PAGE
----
Social media use increases belief in COVID-19 misinformation
The more people rely on social media as their main news source the more likely they are to believe misinformation about the pandemic, according to a recent survey analysis by Washington State University researcher Yan Su.
The study, published in the journal Telematics and Informatics, also found that levels of worry about COVID-19 increased the strength of people's belief in that misinformation. Two factors weakened beliefs in false information: having faith in scientists and a preference for "discussion heterogeneity," meaning people liked talking with others who held different views.
Su, a doctoral student in WSU's Murrow College of Communications, said the findings point to possible practical solutions to disrupt the spread of misinformation.
"Fact checkers are important for social media platforms to implement. When there is no fact checker, people just choose to believe what is consistent with their pre-existing beliefs," said Su. "It's also important for people to try to get out of their comfort zones and echo chambers by talking with people who have different points of view and political ideologies. When people are exposed to different ideas, they have a chance to do some self-reflection and self-correction, which is particularly beneficial for deliberation."
For the study, Su analyzed responses to the 2020 American National Election Studies Exploratory Testing Survey, which was conducted at the start of the pandemic. Of the 3,080 people who submitted questionnaires, a little more than 480 said they believed at least one of two pieces of misinformation about COVID-19: that the coronavirus was developed intentionally in a lab and that there was currently a vaccine for the virus. The respondents were also asked to rate how confident they were in these beliefs.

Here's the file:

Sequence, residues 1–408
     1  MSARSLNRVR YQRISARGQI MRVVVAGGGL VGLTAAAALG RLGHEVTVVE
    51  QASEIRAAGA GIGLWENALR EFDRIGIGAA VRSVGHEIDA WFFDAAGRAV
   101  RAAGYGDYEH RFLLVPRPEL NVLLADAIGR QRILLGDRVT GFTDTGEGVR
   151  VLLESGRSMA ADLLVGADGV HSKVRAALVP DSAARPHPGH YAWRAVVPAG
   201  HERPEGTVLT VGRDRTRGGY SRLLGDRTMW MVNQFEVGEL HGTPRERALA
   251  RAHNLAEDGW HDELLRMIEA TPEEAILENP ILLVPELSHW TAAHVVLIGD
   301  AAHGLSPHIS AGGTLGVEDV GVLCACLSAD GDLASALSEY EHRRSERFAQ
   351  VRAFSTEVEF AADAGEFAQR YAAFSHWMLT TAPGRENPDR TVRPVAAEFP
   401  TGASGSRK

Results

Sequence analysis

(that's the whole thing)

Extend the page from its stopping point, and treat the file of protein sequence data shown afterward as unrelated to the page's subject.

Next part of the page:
Su compared this data to the participants' other responses on the survey related to social media use, levels of worry and trust in scientists as well as how much the respondents valued discussions with people of differing viewpoints.
He found an amplification effect from social media users who were particularly worried about the coronavirus.
"It seems that the more you use social media, the more likely you become worried about COVID-19, perhaps because there is a lot of unfounded and conspiracy theories on social media," Su said. "Then this in turn can trigger a higher level of worry which leads to further belief in misinformation."
The survey data was collected during the beginning of the pandemic. Around the same time, the Pew Research Center found that nationally 3 in 10 Americans believed that the coronavirus was created in a lab, despite there being no evidence for this statement, and a third believed there was already a vaccine.
Su said more research is needed because of the continued proliferation of false and misleading stories around the pandemic.
"During the COVID-19 pandemic, social media has spread a lot of conspiracy theories and misinformation, which has negative consequences because many people use these false statements as evidence to consolidate their pre-existing political ideologies and attack each other," said Su. "It's important to understand the antecedents and motivations for believing and circulating misinformation beliefs, so we can find ways to counteract them."